The Zionist message was that Jews should cease living as history’s objects. They could take their future into their own hands by creating a Jewish-majority state in their ancient homeland. For some, a Jewish state would be home. For those in the Diaspora, it could be a refuge. Jews could build a national center there. There would be dignity in independence and related responsibilities, and the resulting self-respect would not be confined to Jews who lived there.
While some Zionists stressed Jewish culture (most notably Ahad Ha’am) and others stressed the practical value of creating farming settlements (Menachem Ussishkin, for example), Herzl focused on national sovereignty and diplomacy. The first World Zionist Congress, with Herzl presiding, declared in 1897 that the Jewish people aimed for a “publicly recognized and legally secured homeland in Palestine.” He had in mind some kind of charter to legitimate the Zionist enterprise. A decade after his death, Zionists who sided with Britain in World War I advanced his ideas and were instrumental in bringing about the Balfour Declaration, which may be seen as the great-power charter that Herzl had envisioned.
But Herzl was a pragmatist as well as a visionary. As much as he stressed the importance of Jewish national independence, he recognized the need for outside help. How has the Israeli government applied that lesson to relations with the United States?
The complexity of the U.S.-Israeli alliance is sometimes obscured by both sides’ insistence that the relationship has always been strong and unshakable. In fact, its strength varies from one U.S. administration to another, and individual administrations are often inconsistent in their support. That does not mean the alli-ance has been poor, only that it is a creature with two heads, each with its own mind — and each capable of holding inconsistent thoughts.
President Truman was the first world leader to give formal recognition to Israel’s independence. The new state was then fighting for its life against the Palestinian Arabs and a coalition of neighboring Arab states. And yet, just as British and American intelligence agencies were predicting Arab victory, Truman imposed an arms embargo that particularly disadvantaged the Jews.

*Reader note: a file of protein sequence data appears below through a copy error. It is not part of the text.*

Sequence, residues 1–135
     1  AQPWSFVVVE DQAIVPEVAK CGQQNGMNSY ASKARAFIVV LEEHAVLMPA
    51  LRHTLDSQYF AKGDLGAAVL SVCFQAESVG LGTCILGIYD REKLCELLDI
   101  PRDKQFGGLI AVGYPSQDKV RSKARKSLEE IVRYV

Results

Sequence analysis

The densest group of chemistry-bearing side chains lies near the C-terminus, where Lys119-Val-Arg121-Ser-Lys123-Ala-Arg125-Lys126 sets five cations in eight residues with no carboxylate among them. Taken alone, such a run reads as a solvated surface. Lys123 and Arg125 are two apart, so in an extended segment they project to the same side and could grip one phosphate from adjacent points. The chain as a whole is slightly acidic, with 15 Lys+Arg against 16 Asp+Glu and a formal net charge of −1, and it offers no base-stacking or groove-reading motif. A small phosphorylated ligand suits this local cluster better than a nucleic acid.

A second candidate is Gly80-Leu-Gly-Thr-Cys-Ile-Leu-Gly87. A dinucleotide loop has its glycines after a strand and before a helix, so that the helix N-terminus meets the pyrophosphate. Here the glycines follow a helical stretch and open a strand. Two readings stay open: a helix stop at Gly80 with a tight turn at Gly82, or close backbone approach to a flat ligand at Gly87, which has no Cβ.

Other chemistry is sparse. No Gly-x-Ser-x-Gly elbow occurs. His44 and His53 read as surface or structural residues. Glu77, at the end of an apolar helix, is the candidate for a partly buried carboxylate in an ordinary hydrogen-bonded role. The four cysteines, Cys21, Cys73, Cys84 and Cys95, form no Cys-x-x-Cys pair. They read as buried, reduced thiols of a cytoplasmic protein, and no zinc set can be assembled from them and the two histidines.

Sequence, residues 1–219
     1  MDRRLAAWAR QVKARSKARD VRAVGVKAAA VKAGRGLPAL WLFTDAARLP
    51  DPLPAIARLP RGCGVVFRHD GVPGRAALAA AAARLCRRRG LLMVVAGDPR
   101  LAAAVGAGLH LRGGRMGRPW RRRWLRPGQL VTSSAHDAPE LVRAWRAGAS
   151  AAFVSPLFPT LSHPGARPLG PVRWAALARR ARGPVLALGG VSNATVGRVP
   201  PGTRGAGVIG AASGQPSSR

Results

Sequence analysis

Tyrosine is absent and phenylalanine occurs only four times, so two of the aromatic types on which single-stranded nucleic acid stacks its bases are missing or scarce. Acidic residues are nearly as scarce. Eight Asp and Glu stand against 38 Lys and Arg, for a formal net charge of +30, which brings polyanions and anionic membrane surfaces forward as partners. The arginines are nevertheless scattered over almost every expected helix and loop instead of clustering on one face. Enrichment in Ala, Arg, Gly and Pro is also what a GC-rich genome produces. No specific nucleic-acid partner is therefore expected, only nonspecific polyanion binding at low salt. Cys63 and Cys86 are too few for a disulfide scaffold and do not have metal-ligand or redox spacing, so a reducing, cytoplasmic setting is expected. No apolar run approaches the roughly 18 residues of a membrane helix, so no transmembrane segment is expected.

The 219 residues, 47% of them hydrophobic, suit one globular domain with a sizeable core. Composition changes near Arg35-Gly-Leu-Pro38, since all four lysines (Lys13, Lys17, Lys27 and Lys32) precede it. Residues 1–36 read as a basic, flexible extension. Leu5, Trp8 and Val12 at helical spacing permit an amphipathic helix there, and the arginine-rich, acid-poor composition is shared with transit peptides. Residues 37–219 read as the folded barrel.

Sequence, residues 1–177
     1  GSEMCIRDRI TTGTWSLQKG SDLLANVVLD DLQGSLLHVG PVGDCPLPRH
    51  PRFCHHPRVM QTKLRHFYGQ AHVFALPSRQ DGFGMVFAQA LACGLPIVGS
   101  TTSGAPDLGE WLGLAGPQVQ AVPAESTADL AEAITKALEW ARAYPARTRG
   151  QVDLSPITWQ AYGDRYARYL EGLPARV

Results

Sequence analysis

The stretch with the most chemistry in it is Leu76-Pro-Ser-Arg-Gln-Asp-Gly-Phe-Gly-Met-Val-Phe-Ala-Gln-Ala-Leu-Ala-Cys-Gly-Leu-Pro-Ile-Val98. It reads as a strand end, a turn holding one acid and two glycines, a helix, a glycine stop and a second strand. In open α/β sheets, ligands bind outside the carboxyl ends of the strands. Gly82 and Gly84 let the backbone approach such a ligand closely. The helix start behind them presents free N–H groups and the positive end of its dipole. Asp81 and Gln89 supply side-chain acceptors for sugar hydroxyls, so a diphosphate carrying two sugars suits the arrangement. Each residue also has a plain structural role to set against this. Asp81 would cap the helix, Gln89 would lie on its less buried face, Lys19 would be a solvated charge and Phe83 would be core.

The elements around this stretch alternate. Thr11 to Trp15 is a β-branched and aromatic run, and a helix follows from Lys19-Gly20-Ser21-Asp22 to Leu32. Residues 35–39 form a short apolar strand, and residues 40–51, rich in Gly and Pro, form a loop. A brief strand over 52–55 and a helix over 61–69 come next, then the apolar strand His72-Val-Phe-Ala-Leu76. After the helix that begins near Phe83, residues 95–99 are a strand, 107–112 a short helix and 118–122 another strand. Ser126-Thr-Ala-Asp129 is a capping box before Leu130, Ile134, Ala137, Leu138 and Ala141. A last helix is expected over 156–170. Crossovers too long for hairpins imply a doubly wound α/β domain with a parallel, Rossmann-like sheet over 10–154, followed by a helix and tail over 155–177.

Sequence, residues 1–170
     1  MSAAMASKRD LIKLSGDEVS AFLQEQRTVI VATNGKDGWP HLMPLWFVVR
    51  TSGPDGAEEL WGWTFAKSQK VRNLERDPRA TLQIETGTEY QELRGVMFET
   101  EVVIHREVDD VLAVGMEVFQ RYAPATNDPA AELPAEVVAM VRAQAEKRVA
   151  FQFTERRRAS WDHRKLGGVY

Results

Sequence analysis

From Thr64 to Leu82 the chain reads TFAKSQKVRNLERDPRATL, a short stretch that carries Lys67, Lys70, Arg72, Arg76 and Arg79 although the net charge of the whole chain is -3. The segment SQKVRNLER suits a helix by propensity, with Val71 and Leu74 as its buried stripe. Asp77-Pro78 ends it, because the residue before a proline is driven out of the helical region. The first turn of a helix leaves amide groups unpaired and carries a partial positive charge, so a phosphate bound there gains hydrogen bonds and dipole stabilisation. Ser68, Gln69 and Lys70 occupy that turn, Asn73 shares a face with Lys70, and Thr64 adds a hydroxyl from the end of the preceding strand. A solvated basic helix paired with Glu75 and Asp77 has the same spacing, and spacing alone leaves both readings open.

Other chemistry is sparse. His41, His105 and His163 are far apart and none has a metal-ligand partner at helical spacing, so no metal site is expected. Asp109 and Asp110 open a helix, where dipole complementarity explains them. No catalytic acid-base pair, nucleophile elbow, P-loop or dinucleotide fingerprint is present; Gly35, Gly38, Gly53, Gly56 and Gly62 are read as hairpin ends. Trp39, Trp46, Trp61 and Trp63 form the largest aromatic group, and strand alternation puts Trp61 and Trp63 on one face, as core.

President Eisenhower shared the conventional Washington view that Israel was a Cold War liability. After Israel defeated Egypt in the 1956 Suez War, Eisenhower threatened Prime Minister David Ben-Gurion to compel Israel’s withdrawal from the Sinai Peninsula. Ben-Gurion submitted — in return for assurances that America would uphold Israel’s Red Sea navigation rights.
Ten years later, however, when Egypt blockaded the Red Sea, President Johnson reneged on Eisenhower’s promise. Though he considered himself a friend of Israel, Johnson warned that, if it broke the blockade by itself, Israel would find itself alone. Israel defied the warning and won the Six-Day War. Had it complied, it might have lost.
A high point in U.S.-Israeli relations occurred in 1970, when Syria, a Soviet client, threatened to overthrow Jordan’s King Hussein. President Nixon asked Israel to protect the king, which it did by aborting a Syrian invasion. King Hussein survived, and President Nixon was grateful. But a low point also occurred that year. Egypt violated its cease-fire agreement in the “War of Attrition” at the Suez Canal by moving anti-aircraft missiles forward. The United States, which had promoted the cease-fire, did nothing. Then, when Egypt used those missiles in the 1973 Yom Kippur War, Nixon, in perhaps the brightest moment in the history of U.S.-Israeli relations, ordered the resupply of Israeli forces, saving the country from possible destruction. But he promptly pressured Israel into a cease-fire, blocking it from a clear victory.